A miniaturized computer microprocessor 128 for processing data indicated in dashed line in FIG. 15 is mounted within housing 118, in particular in hand-grip portion 124. Alternatively, computer microprocessor 128 can be mounted in sign portion 126 (not shown). As shown in FIGS. 9, 12, and 15, a keyboard 130 is mounted on rear side 122 of hand-grip portion 124 and a miniaturized keyboard microprocessor 132 operatively connected with keyboard 130 is mounted within hand-grip portion 124. Keyboard 130 is preferably slightly smaller than a standard keyboard. Keyboard microprocessor 132 is for receiving input data from keyboard 130 and transmitting the data to computer microprocessor 132.

A light-emitting message display 134 shown in FIGS. 11 and 13 presents the data entered at keyboard 130 in visual form to observers. Message display 134 is mounted at front side 120 of sign portion 126. A miniaturized message display microprocessor 136 mounted in sign portion 126 as indicated in dashed line in FIG. 15 converts the input data received from computer microprocessor 128 for entry at message display 134. Message display 134 is preferably an LED display 138 that transmits the color red. LED display 138 shown in FIG. 13 is presented on a 532 diode screen but such a configuration is shown for purposes of exposition only and will change in accordance with circumstances. A message 139 "GO SLOW" is shown by way of example as one of a number of possible messages. The screen size of LED display 138 is slightly smaller than the 12 inch by 3 inch dimensions of sign portion 126, which may be increased or decreased somewhat in accordance with circumstances and ease of handling sign 116 by a user. Actual size of LED display 138 varies in accordance with distances envisioned between the observer and sign 116 and environmental conditions such as night or day or whether the message is to be passed through a medium such as water, for example.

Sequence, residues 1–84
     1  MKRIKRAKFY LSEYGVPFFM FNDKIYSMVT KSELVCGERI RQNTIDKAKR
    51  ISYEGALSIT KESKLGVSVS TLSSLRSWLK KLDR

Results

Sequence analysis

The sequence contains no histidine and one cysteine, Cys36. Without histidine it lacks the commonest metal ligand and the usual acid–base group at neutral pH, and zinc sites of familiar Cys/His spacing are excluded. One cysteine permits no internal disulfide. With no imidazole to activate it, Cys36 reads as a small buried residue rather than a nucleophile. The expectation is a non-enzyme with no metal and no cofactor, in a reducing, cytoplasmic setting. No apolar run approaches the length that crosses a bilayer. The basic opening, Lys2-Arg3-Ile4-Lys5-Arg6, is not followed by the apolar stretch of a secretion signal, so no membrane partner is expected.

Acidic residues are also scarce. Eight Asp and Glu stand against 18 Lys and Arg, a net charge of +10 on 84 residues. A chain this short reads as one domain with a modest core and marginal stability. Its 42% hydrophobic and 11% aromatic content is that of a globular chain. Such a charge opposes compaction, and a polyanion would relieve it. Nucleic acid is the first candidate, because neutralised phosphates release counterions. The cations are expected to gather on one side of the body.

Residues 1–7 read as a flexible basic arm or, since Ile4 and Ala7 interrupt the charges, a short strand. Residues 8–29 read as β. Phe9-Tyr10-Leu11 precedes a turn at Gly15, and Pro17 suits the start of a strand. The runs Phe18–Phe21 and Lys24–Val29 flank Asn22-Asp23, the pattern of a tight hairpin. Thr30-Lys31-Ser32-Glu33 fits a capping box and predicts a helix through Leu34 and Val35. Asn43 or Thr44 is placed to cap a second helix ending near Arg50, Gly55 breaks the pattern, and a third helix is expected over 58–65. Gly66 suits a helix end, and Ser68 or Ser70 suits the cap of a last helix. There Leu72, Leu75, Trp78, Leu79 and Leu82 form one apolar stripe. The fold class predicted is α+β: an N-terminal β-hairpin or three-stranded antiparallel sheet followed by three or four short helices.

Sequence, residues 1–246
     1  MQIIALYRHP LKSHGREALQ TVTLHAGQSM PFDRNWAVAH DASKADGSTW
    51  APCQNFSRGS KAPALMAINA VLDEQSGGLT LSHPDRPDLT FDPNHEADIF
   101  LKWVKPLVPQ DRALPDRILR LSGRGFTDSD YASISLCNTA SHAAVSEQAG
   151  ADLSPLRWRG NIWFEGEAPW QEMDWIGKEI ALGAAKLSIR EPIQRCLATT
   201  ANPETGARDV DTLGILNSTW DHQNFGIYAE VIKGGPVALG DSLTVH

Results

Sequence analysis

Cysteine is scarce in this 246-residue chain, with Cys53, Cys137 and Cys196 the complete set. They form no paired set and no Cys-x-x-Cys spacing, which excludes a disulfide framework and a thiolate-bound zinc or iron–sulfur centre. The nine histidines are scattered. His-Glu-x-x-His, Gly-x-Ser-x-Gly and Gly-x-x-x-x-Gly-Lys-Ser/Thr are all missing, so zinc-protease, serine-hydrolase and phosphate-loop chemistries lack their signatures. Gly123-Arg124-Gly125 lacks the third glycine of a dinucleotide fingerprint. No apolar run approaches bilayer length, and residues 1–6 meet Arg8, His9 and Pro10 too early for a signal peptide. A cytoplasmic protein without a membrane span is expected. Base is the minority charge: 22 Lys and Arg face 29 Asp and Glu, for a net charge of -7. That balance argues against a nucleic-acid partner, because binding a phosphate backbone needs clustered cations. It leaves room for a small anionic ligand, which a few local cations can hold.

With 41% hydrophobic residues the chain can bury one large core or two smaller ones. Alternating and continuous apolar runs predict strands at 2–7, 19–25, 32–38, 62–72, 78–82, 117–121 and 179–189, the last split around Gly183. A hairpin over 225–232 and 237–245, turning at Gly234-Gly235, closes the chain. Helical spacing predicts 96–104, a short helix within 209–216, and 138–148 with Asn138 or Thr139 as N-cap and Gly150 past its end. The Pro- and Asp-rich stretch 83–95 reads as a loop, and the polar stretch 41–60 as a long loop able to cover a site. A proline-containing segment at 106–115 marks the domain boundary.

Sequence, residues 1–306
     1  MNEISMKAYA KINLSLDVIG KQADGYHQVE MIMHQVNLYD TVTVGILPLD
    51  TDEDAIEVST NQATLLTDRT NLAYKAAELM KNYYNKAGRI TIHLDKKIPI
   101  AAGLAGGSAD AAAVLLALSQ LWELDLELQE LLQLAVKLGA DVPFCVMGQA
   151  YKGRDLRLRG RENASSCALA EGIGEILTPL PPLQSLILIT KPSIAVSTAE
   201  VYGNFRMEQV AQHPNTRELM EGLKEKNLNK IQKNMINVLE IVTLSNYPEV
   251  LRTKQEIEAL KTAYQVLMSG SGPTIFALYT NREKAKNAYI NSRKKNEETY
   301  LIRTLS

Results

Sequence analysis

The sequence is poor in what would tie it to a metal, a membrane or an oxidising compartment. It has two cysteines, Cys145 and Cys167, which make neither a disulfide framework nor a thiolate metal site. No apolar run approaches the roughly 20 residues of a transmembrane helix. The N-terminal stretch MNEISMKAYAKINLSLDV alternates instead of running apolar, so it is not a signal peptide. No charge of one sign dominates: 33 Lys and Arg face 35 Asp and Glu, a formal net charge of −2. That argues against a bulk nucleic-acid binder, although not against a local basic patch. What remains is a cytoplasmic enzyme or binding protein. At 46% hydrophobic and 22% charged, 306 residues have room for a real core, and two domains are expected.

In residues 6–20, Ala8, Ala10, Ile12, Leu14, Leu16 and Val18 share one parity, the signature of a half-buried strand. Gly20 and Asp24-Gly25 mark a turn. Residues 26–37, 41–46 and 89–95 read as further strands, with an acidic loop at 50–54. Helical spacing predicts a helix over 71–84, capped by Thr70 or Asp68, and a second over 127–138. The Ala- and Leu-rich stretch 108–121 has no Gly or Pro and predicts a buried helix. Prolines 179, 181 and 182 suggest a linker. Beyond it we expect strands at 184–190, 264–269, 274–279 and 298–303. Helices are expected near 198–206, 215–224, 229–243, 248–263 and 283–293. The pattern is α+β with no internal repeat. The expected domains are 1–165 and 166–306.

A monitor 140 shown in FIGS. 9 and 15 is mounted at rear side 122 of sign portion 126 of housing 118. Monitor 140 includes a miniaturized monitor microprocessor 142 and a monitor display 143 that is a liquid crystal display (LCD). Monitor 140 receives input data from computer microprocessor 128 entered at keyboard 130. Monitor display 143 enables a user to verify the accuracy of the input data being displayed prior to entry of the data for display at LED display 138.

An electrical circuit 144 that electrically joins keyboard 130 and keyboard microprocessor 132 with computer microprocessor 128 and message display microprocessor 136 and LED display 138 is shown in FIG. 16. Circuit 144 includes a circuit line 145A between keyboard microprocessor 132 and computer microprocessor 128, a circuit line 145B between computer microprocessor 128 and LCD 140, and a circuit line 145C between LCD 140 and LED 138. monitor display 143. A self-contained internal power source 146 that comprises a pair of batteries 148 at supplies electrical current to circuit 144 is mounted at the base 150 of hand-grip portion 124. Alternatively, an external power source indicated as a power connector 152 including an AC/DC converter positioned in base 150 can be utilized by connection to an external power line.